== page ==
CausesBy Mayo Clinic staff
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It's not clear what causes most cases of liver cancer. But in some cases, the cause is known. For instance, chronic infection with certain hepatitis viruses can cause liver cancer.
Liver cancer occurs when liver cells develop changes (mutations) in their DNA — the material that provides instructions for every chemical process in your body. DNA mutations cause changes in these instructions. One result is that cells may begin to grow out of control and eventually form a tumor — a mass of cancerous cells.
Types of liver cancer
Primary liver cancer, which begins in the cells of the liver, is divided into different types based on the kind of cells that become cancerous. Types include:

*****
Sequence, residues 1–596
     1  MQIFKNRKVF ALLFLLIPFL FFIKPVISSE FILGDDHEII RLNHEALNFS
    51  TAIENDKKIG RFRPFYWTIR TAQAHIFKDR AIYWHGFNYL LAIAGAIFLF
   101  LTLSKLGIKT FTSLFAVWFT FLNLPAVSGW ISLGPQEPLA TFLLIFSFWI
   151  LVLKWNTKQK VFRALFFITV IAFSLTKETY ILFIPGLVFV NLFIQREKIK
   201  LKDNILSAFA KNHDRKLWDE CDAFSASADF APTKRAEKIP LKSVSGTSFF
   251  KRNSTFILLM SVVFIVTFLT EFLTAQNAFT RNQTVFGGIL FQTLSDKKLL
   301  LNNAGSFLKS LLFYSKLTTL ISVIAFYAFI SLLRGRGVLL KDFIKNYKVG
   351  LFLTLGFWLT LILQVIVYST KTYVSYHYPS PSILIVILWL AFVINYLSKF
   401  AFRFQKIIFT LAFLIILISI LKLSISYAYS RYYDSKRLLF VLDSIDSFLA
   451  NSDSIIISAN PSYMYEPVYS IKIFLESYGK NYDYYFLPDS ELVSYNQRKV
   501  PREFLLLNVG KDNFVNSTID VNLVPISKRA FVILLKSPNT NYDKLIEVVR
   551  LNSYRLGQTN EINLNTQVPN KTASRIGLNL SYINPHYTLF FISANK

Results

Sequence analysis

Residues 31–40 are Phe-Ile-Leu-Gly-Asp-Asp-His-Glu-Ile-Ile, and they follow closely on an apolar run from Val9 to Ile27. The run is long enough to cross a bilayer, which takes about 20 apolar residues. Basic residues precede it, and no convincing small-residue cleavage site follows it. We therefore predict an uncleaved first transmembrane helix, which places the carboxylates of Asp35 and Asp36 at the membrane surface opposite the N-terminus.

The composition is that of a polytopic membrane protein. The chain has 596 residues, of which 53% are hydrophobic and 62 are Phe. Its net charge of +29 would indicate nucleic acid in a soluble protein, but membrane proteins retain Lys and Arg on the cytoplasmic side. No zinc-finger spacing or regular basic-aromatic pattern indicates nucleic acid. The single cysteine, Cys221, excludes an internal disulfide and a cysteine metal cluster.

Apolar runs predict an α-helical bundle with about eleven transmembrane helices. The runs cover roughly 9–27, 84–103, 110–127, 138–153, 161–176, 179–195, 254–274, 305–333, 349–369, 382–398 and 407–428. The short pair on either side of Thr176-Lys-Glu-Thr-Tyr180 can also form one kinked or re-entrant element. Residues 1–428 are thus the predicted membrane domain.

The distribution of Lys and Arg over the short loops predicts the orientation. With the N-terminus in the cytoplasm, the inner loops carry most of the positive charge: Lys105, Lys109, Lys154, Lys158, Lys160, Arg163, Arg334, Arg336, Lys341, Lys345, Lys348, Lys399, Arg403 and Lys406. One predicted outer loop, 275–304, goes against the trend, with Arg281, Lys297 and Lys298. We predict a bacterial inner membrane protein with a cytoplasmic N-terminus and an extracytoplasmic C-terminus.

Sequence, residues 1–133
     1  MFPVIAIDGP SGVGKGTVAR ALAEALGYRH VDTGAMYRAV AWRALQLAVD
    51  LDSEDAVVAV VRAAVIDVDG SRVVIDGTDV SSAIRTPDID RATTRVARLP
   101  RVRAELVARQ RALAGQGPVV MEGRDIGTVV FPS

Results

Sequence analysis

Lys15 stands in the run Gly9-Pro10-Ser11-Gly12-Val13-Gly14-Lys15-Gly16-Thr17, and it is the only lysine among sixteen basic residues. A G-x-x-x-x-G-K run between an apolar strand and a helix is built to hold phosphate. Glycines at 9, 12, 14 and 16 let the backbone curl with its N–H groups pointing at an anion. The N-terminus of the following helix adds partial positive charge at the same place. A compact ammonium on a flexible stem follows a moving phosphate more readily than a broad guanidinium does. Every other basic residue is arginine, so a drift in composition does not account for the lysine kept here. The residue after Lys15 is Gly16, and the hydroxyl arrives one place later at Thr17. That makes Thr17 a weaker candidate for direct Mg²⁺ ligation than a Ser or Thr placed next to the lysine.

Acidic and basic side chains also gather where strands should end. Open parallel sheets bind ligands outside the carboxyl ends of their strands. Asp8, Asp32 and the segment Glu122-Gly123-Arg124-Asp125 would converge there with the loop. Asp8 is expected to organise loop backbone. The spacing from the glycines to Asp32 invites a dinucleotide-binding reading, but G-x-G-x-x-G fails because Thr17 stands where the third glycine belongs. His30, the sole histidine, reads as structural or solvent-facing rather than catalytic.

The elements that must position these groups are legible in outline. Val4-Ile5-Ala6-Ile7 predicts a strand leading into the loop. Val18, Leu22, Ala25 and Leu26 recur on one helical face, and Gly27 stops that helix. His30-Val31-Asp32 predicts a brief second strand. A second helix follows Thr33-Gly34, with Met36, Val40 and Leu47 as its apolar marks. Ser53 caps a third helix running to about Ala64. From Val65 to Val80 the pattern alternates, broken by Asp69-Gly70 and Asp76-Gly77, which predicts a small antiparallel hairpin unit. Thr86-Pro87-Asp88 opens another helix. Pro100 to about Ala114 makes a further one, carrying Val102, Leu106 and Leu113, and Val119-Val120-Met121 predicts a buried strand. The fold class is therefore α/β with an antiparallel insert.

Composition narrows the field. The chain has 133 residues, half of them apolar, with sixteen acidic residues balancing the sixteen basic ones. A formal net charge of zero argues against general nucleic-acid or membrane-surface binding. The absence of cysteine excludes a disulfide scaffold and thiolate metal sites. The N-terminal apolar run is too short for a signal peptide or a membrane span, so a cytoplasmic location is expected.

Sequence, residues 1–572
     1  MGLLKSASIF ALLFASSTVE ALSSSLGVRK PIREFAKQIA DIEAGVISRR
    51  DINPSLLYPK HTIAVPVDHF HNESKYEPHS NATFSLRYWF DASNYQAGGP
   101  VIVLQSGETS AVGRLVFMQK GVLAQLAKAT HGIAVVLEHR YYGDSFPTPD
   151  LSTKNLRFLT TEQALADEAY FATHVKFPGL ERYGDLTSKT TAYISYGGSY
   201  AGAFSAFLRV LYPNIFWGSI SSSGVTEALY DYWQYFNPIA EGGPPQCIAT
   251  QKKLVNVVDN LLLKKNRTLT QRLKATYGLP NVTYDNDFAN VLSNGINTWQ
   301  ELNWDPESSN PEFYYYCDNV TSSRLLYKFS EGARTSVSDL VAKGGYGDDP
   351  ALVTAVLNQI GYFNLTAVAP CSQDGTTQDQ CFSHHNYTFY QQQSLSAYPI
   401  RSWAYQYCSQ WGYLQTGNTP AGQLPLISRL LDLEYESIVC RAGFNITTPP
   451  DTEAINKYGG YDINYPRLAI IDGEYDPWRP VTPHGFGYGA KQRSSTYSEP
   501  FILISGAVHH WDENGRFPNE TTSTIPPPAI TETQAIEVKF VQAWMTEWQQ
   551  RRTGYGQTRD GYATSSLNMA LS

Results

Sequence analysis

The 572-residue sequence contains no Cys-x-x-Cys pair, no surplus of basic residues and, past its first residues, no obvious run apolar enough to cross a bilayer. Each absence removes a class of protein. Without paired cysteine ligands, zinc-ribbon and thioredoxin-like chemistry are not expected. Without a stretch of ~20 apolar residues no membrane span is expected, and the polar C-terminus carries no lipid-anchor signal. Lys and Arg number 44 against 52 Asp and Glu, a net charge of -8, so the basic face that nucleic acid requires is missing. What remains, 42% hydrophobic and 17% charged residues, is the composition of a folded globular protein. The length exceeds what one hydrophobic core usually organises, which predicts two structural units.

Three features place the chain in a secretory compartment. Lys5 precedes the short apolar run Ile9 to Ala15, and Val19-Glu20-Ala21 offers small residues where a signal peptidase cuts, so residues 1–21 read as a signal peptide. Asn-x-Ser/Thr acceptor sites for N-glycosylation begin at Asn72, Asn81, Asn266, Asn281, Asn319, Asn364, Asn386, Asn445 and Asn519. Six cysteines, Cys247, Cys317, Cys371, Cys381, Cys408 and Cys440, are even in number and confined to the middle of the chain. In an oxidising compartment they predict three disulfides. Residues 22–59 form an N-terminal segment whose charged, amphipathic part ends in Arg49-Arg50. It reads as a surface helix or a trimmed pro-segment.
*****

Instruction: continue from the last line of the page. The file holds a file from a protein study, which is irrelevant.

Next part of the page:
- Hepatocellular carcinoma. This is the most common form of primary liver cancer. It starts in the hepatocytes, the main type of liver cell.
- Cholangiocarcinoma. This type of cancer begins in the small tube-like bile ducts within the liver. This type of cancer is sometimes called bile duct cancer.
- Hepatoblastoma. This liver cancer affects infants and young children.
- Angiosarcoma or hemangiosarcoma. These cancers begin in the blood vessels of the liver and grow very quickly.
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